To be a composer you must ‘be born՚, but to pursue the profession you need to master a few skills,which Krzysztof Meyer did under the supervision of Stanisław Wiechowicz. After his teacher’s death, Meyer completed his studies in the class led by Krzysztof Penderecki and was awarded a diploma from Kraków‘s State College of Music (now the Academy of Music in Kraków). He was also supervised by Nadia Boulanger in Paris and Witold Lutosławski in Warsaw. He then taught himself: firstly theoretical subjects at his alma mater in Kraków, and later composition at the Hochschule für Musik in Cologne (1987-2008).
He made his debut whilst still a student at the IX ‘Warsaw Autumn’ festival in 1965 with his String Quartet No.1. He was, at the time, the youngest composer in the history of the festival. Meyer’s works from the 1960s were characterized by their diversity of sound which was typical of the ‘Polish school՚ of the avante-garde at that time. The sounds were often so unconventional that it was as if they were born from dissatisfaction with already existing instruments and traditional ways of playing. His works perfectly fitted into the repertoire of festivals of new music and, as a result, this drew attention to the composer.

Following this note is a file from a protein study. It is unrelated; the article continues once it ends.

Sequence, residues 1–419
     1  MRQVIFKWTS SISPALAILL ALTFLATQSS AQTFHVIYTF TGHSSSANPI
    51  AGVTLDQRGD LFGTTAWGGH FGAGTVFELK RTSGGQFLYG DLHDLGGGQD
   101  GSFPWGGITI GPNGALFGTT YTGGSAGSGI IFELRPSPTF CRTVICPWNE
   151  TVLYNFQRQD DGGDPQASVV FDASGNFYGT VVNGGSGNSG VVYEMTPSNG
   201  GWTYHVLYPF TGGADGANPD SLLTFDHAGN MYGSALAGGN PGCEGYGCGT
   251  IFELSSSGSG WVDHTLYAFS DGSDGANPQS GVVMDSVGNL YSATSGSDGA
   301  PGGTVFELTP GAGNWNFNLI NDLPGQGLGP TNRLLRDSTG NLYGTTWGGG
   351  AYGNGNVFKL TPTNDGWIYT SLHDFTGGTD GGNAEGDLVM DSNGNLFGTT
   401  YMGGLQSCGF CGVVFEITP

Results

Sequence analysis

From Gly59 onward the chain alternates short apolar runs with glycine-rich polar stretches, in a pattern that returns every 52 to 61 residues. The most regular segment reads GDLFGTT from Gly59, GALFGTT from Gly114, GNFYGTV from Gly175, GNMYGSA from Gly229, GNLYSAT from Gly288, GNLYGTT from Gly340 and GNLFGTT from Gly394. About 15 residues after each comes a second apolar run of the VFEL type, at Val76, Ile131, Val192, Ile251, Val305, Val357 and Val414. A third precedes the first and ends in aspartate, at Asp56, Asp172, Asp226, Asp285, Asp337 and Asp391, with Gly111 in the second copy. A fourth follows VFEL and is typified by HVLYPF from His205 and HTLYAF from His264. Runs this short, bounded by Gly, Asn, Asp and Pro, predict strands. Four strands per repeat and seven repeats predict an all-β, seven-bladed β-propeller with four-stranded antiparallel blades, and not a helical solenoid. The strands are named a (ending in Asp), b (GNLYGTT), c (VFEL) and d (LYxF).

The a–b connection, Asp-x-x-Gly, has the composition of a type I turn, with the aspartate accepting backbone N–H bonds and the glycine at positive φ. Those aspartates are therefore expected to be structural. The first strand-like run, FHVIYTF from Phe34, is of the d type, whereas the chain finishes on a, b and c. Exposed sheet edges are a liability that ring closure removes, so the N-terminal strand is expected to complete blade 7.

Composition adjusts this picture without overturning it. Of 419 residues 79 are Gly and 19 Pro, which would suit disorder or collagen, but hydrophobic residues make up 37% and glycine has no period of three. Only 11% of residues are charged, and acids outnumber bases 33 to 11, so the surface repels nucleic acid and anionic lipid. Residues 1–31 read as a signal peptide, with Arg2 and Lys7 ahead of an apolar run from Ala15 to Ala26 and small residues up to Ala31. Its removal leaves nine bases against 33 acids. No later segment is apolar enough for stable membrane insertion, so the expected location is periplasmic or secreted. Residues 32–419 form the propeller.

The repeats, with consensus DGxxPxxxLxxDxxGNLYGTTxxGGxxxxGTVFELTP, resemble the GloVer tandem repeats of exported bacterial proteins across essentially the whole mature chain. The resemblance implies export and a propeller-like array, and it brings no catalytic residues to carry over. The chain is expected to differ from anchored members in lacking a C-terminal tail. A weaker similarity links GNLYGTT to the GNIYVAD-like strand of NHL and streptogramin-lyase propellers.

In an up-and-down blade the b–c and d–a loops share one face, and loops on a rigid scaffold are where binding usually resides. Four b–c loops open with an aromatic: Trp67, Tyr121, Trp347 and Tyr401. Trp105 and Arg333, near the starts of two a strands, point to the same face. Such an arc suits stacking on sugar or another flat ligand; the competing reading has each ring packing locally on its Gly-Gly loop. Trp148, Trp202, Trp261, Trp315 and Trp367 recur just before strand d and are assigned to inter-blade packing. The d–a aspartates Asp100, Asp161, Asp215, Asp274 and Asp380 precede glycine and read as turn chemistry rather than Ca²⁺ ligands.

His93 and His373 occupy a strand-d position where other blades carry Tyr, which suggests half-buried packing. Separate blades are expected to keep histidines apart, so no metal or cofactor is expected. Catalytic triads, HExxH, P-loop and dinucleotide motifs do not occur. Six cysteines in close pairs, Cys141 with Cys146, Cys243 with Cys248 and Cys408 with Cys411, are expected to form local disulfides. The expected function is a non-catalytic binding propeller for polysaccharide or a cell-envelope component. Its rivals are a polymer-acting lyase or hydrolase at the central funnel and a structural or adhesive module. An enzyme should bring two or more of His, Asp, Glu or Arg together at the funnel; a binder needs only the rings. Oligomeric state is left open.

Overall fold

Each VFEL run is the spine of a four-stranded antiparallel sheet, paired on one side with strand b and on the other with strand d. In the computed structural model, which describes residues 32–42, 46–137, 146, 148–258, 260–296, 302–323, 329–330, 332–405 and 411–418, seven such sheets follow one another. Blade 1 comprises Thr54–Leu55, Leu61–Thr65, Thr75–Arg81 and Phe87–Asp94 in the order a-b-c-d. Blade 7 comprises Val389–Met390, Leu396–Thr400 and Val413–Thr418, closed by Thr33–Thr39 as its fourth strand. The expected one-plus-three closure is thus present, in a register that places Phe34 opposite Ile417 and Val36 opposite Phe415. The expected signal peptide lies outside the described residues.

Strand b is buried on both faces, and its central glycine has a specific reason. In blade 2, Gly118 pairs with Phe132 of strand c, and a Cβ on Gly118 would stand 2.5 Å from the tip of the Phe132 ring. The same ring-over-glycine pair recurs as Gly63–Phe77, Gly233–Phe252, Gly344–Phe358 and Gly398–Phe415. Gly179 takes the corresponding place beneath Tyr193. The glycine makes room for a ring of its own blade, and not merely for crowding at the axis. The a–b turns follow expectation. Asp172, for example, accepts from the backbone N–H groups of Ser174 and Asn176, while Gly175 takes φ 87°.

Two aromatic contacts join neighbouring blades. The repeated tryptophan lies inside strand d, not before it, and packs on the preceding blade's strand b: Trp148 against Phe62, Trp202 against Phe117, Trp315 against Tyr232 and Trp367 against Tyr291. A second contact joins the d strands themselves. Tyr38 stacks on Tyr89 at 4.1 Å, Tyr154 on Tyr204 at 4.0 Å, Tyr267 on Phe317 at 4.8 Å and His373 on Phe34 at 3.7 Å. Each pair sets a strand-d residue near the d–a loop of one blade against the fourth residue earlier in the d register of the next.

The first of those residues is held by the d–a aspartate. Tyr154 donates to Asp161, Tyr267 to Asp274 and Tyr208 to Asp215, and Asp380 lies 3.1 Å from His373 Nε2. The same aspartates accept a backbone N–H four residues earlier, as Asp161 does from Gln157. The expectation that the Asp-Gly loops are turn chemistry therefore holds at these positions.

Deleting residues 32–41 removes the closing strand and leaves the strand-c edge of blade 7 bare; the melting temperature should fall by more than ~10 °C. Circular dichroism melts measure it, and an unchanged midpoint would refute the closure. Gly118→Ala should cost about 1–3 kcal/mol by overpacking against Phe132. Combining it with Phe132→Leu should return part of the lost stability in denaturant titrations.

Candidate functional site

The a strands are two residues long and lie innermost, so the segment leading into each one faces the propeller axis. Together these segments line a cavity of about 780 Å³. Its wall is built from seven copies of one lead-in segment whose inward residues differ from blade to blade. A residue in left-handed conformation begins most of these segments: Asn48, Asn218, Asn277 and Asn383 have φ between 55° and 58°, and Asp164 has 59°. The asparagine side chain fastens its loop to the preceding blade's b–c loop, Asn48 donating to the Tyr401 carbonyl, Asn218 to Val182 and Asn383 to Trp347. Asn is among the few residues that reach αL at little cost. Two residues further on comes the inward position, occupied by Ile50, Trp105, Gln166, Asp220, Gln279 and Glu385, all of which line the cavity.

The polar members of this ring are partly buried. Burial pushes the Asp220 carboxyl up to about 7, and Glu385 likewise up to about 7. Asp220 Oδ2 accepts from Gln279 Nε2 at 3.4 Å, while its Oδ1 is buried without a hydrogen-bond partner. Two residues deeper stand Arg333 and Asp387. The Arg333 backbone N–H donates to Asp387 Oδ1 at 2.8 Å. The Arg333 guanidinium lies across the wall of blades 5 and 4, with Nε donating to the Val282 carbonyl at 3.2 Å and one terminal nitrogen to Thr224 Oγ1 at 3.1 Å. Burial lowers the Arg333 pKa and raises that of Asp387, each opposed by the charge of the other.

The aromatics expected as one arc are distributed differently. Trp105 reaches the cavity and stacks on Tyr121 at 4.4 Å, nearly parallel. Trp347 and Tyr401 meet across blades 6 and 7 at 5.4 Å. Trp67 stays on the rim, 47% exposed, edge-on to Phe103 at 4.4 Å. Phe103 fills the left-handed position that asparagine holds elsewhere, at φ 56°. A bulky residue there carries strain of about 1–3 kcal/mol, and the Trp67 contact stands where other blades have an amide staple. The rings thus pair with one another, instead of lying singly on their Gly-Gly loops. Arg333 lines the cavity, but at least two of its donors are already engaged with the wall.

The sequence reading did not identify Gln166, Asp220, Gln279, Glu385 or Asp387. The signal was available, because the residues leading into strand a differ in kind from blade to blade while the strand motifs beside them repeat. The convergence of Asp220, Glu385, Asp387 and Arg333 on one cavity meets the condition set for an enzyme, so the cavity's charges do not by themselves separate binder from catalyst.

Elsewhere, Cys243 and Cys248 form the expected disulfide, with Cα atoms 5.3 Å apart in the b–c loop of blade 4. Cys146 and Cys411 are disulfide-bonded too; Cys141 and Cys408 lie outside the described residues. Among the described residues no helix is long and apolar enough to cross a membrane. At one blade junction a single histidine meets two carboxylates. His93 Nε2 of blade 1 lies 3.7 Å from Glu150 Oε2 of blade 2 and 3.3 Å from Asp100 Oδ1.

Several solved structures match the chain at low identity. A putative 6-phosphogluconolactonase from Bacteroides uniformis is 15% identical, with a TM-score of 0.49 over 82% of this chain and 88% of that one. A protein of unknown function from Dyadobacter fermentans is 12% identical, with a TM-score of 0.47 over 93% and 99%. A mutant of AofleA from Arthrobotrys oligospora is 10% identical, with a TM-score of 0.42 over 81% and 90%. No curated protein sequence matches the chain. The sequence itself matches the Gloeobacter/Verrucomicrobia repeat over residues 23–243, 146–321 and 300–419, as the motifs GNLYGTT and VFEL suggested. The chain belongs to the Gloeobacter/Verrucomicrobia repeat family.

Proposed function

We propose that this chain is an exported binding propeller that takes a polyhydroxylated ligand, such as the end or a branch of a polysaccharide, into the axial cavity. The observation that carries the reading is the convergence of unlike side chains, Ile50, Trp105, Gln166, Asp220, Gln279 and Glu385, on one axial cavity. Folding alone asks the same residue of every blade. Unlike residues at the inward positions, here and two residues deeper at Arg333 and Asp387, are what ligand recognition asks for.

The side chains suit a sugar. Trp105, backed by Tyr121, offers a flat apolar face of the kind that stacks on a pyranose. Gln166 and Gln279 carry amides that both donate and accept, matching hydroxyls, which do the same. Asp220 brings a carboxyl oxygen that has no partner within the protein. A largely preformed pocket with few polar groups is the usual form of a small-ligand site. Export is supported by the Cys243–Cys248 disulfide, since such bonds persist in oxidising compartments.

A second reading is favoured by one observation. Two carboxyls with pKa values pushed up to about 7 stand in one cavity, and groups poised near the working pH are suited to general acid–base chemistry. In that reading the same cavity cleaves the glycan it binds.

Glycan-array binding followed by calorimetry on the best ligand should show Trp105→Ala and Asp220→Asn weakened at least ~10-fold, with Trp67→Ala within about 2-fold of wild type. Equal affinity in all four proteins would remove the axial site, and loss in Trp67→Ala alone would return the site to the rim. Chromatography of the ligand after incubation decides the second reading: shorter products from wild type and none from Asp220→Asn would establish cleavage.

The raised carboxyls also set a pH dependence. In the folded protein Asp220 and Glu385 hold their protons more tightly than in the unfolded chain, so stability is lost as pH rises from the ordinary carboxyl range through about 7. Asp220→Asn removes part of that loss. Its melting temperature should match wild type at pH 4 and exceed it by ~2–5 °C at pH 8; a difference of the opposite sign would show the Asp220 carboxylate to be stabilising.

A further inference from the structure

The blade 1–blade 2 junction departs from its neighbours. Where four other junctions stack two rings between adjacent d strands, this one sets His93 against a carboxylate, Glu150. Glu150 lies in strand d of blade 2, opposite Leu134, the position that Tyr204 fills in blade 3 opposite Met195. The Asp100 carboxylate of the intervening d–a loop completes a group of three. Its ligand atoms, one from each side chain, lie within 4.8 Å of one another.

In later works, Meyer gradually limited the multitude of sonic ideas. He increasingly focussed on the drama and expression as understood in a traditional way although avoiding romantic effects. The composer decided that music composed with contemporary language can also provide listeners with a deep experience and give the performers the pleasure of playing the music (and thanks to this his works have been performed by such artists as David Geringas, Heinz Holliger, Ivan Monighetti, Aurele Nicolet, Peter Pears, Boris Pergamenschikow, Dmitry Sitkovetsky). Initially, as he has explained, he created ‘stories told through sounds՚. Over the years, the ‘stories՚ became more and more dramatic and the ‘sonic narrative’ gave way to mood. These effects were enhanced, in particular, by the orchestra being like one huge instrument, in which the variety and the way of transformation in the colours and dynamics depends only on the fantasy of the composer. These pieces have often been included in concert programs addressed to regular concert-goers.